Creating classes in VBA - class modules
Part five of a six-part series of blogs

Those who want to add spice to their VBA programming can learn how to create classes, or class modules, and become object-orientated programmers.  It's difficult, but fun - and this multi-part blog will guide you along the way.

  1. Classes and Class Modules
  2. Three Class Examples: from Excel, Life and Me!
  3. Creating and Coding a Class: a Simple Worked Example
  4. Running Code at Instantiation and Termination
  5. Coding Properties for Classes (this blog)
  6. A Worked Example: Playing Hangman in Excel

This blog is part of our free Excel VBA tutorial.  Our classroom courses in VBA aren't free, alas, but they do provide a more structured way to learn to program.

Posted by Andy Brown on 05 March 2012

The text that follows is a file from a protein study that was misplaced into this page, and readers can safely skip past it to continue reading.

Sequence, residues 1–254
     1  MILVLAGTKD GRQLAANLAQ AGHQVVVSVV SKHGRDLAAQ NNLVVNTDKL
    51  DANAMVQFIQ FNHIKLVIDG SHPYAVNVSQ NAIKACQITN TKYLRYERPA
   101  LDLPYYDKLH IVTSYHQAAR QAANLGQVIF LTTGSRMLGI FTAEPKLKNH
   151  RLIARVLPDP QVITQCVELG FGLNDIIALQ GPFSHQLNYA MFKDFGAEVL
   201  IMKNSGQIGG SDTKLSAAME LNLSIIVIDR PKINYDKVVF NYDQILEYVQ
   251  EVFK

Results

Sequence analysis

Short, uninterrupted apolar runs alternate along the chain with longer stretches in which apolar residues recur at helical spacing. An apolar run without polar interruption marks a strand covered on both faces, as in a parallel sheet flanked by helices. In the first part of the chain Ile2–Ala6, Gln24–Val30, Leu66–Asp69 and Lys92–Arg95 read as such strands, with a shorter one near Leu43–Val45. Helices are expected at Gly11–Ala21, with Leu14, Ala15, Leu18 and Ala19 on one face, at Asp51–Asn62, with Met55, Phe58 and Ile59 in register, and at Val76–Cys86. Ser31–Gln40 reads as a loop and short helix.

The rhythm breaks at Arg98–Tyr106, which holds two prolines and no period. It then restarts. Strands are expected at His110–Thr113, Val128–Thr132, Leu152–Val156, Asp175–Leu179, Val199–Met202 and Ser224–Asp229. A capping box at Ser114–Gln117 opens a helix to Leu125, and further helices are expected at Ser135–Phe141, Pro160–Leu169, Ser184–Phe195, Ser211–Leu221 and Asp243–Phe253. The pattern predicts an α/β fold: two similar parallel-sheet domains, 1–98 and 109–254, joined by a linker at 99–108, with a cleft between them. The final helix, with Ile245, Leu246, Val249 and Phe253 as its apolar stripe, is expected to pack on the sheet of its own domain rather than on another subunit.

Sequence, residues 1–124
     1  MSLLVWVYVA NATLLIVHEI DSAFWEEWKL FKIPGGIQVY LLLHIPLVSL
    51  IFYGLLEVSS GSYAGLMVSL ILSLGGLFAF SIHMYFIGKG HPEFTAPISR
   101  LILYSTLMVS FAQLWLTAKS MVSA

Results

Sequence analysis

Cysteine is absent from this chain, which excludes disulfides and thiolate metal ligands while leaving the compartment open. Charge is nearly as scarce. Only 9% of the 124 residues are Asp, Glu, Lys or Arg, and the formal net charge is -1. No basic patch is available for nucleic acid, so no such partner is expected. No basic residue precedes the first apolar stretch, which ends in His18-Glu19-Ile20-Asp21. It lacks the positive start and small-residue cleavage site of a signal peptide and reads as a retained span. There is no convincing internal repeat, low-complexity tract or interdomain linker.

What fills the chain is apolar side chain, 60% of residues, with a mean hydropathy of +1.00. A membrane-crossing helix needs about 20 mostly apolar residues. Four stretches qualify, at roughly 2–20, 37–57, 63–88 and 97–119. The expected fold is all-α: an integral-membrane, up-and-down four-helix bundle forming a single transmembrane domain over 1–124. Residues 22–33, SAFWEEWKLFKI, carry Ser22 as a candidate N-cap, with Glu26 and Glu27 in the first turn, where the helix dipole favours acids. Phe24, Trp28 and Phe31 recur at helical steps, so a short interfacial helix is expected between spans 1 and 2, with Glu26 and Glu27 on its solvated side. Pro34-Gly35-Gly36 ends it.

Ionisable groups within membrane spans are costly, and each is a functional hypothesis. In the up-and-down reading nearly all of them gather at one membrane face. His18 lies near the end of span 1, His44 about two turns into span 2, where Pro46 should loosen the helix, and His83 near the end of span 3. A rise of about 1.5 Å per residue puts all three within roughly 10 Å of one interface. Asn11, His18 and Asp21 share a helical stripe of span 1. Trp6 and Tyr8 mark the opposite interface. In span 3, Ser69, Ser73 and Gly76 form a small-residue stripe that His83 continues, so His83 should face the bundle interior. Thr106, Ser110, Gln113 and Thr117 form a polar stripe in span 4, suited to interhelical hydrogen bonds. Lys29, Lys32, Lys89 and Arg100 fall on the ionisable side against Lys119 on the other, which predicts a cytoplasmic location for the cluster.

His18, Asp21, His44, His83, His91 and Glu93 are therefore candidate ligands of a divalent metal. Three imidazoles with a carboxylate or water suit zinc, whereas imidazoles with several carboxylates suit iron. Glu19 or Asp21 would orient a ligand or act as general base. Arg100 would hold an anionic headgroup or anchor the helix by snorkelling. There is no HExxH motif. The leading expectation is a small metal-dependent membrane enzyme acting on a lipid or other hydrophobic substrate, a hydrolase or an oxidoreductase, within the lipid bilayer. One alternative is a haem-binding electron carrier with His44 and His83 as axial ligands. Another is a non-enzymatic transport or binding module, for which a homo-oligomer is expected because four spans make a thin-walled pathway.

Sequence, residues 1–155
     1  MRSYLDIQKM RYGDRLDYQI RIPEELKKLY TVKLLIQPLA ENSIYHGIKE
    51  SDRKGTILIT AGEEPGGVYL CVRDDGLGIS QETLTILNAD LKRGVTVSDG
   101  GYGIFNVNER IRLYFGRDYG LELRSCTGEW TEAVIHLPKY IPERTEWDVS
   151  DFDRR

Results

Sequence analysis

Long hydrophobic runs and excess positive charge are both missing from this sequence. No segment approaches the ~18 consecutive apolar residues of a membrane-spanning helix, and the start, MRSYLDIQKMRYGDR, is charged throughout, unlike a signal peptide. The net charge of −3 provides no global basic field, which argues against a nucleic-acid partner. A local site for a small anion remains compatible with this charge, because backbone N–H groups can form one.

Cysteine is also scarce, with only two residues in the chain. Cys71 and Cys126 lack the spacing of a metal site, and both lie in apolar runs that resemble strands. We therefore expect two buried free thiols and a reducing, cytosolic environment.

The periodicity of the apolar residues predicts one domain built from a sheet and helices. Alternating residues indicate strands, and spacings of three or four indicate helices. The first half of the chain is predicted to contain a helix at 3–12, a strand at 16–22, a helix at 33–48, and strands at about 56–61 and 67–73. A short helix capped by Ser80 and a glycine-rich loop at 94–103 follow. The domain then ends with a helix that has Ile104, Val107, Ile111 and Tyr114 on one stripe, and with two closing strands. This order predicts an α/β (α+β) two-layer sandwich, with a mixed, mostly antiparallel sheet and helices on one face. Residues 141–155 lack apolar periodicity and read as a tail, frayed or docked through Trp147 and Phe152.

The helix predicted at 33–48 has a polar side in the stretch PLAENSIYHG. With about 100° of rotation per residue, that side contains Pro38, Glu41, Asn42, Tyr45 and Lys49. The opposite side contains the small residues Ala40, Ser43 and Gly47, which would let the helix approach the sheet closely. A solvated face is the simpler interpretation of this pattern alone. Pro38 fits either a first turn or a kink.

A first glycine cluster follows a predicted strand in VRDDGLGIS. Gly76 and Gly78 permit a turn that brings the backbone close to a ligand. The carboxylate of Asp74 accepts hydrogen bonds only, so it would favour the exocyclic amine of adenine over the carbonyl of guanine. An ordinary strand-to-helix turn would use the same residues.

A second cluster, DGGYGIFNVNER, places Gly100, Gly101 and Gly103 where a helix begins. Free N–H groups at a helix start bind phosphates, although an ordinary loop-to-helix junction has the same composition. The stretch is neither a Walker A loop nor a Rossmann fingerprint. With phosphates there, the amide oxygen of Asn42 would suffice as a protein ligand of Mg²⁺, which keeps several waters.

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Coding Properties for Classes

This blog has been guilty of over-simplification so far: properties aren't as straightforward as I've been making out.

An Example - the Hangman Word to Guess 

For our hangman game, you'd want to be able to tell the game what the hidden word was going to be:

'start a new game

Dim NextGame As New clsGame

'tell the game what the hidden word is

NextGame.WordToGuess = "Sausages"

After playing the game, if the user loses you'd want to tell them what the word was:

'eventually, if user loses, reveal the word

If IfLost Then MsgBox "The word was " & NextGame.WordToGuess

On the first occasion you are writing the property (telling the class what value it should take); on the second you are reading it (asking the class what value it has).

Read-Only, Read-Write and Write-Only Properties

All properties that you create are either Read-Only, Read-Write or Write-Only.  Consider some properties for the baby class I mentioned earlier:

Property Type Why